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Batak Houses
Traditional community houses

Most main roads which run through the Batak highlands, date back to the Dutch colonial time and the settlements along the roads are not traditional. Batakvillages used to be built far away from main roads for security reasons. The Karo villages, for example, were located on high mountain edges, surrounded by steep cliffs, which causes them to be defendable very well. People who want to see the traditional villages should leave the main road to visit the more desolate areas.

However there are many regional building styles, most Batak houses do have certain features in common. They are all square, wooden structures on pillars, with high roofs in a point. The space inside is open and unfurnished, and was traditionally used by several families at one time. The front does usually have a balcony or a veranda for storage anf for guests; pets like pigs and buffalos live in an open space under the house.

All earlier houses were traditionally covered with fibres of the arenga-palm, which also gives palmsugar and palmwine. The walls and pillars were decorated and painted with symbolic motives. The boraspatini tano or lizard, a luck- and fertility symbol of the God of the Earth, was favorite. The very important sopo or riceshed is just across the house.

Howadays much has changed. Modern one-family houses of concrete of masonry, not on pillars, are the most commonly built, while the ijuk-roofs of the older houses has been replaced by corrugated iron. In most Batak areas the traditional houses are in fact all gone However there are still good examples to be found.

Karo- and Simalungung houses

Traditional Karo houses were built and used by eight related families. Each of them had a living space of about 5 sq.metres, located around four burning places. Many older houses are still in use, however the residents are not related to eachother all the times, since the original residents often rent their 'appartments'.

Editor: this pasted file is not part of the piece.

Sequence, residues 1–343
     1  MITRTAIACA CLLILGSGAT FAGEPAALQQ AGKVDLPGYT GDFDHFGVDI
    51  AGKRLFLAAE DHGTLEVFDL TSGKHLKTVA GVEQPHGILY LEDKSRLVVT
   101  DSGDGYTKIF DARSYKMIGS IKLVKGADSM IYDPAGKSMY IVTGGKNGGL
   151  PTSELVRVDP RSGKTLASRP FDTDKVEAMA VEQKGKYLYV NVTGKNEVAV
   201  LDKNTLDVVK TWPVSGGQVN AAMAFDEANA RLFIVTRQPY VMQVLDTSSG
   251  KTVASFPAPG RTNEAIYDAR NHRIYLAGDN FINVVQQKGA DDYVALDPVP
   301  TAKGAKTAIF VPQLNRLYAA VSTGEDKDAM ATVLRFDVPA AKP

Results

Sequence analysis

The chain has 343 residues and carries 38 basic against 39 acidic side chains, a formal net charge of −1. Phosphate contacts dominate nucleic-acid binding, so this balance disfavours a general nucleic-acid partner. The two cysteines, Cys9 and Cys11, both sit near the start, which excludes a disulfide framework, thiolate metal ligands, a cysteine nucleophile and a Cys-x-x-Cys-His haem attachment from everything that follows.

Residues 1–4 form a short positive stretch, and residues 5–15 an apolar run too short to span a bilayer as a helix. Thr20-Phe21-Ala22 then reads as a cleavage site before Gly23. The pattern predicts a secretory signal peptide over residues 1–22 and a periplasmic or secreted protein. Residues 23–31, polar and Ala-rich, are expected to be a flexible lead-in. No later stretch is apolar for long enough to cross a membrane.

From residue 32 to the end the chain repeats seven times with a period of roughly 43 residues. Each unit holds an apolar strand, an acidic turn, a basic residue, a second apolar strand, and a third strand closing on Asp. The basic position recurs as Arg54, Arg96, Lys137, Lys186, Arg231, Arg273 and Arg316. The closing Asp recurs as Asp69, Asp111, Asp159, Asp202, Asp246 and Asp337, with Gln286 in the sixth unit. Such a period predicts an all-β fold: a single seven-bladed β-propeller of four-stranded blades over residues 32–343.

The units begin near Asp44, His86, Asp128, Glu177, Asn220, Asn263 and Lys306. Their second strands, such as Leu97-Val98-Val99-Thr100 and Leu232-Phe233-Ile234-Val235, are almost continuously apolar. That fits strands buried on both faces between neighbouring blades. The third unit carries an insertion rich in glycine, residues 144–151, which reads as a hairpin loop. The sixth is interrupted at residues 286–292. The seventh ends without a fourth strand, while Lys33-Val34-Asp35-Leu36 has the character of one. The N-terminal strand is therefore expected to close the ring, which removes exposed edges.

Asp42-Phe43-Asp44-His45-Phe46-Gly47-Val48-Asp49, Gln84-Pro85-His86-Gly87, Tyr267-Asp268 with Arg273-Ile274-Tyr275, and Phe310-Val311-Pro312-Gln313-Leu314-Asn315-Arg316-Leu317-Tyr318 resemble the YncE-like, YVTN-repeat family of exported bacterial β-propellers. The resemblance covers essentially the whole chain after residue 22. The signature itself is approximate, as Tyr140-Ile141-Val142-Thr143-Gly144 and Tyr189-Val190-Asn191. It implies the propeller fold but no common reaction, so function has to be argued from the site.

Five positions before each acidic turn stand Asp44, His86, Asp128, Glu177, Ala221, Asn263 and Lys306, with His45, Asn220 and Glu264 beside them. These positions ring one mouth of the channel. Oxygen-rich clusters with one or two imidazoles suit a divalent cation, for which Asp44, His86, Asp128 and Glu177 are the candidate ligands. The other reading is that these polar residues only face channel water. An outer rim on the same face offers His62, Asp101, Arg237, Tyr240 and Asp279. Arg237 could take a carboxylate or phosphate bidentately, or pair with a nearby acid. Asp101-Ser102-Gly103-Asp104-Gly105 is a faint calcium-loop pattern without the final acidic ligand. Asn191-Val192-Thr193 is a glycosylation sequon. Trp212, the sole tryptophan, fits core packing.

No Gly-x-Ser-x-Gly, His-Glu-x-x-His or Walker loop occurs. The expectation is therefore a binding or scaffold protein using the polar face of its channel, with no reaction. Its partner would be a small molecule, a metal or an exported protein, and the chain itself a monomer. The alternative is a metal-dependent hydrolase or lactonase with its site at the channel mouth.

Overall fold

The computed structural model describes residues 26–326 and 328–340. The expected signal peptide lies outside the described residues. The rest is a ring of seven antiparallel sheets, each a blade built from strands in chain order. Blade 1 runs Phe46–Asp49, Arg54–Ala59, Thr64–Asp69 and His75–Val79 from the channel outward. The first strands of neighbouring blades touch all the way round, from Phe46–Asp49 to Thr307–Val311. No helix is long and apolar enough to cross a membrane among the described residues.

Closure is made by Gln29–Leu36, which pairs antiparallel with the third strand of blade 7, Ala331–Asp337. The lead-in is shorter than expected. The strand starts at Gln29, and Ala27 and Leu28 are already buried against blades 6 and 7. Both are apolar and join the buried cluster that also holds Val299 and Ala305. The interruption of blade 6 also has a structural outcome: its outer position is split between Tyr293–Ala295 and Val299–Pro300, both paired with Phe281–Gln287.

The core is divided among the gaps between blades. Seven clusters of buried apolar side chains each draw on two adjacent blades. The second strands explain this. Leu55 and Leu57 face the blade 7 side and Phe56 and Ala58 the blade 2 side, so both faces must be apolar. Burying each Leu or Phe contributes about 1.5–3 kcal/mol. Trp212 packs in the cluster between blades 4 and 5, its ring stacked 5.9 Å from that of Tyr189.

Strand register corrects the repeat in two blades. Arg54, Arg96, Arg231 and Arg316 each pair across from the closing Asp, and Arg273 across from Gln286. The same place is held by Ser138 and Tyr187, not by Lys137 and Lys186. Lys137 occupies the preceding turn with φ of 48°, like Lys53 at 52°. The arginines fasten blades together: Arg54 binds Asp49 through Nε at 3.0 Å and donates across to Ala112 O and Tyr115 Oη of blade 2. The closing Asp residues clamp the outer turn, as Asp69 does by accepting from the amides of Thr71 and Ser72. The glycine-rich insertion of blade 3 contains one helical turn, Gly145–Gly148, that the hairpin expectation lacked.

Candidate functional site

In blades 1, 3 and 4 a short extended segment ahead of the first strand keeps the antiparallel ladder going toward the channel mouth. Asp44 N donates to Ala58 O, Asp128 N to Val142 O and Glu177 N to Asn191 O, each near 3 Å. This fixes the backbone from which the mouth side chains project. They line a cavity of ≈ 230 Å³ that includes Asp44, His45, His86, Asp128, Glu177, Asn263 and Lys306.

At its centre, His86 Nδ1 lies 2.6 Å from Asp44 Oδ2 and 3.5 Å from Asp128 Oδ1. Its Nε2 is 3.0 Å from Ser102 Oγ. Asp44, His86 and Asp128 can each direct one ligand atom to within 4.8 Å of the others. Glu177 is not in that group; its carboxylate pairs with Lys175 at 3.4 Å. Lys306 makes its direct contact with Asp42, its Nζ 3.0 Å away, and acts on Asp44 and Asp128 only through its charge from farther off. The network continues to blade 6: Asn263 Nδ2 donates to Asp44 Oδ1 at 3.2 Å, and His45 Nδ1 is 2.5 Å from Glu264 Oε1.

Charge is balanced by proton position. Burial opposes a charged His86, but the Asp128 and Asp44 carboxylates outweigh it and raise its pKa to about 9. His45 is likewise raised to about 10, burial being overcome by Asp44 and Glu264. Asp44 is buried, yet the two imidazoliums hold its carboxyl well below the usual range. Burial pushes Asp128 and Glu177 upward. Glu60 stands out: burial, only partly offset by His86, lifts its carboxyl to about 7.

Old Karo houses are to be found in the villages around Kabanjahe. The village of Lingga for example now is a tourist place. The houses are queued. Most of them date from the 1930's. Since the independence no new houses are built anymore, and their number is declining because every year one or two just collapse because they are not maintained anymore.

A remarkable brand of the Karo houses is that they don't have a clear front or back side, but two identical entrances, reachable by a bamboo platform. In some very old houses, a big wooden trench separates the floor in two. The trench was used for litter, but also had an important place in ceremonies.

The only decoration is a big trialgulair piece of the front wall made out of bamboo, with the date of the house on it. The corners of the houses can be decorated with geometrical patterns, meant to scare away bad influences.
Traditional houses always had a rice shed, but these are not used anymore, since rice is now kept in plastic bag in the house itself. In some ricesheds an extra sleeping room is created for the young men, which are not allowed to sleep in the family house anymore when they entered puberty. Nowadays these boys sleep in empty houses and the rice sheds are used for playing chess and talking, especially in the warmer, more western Karo areas.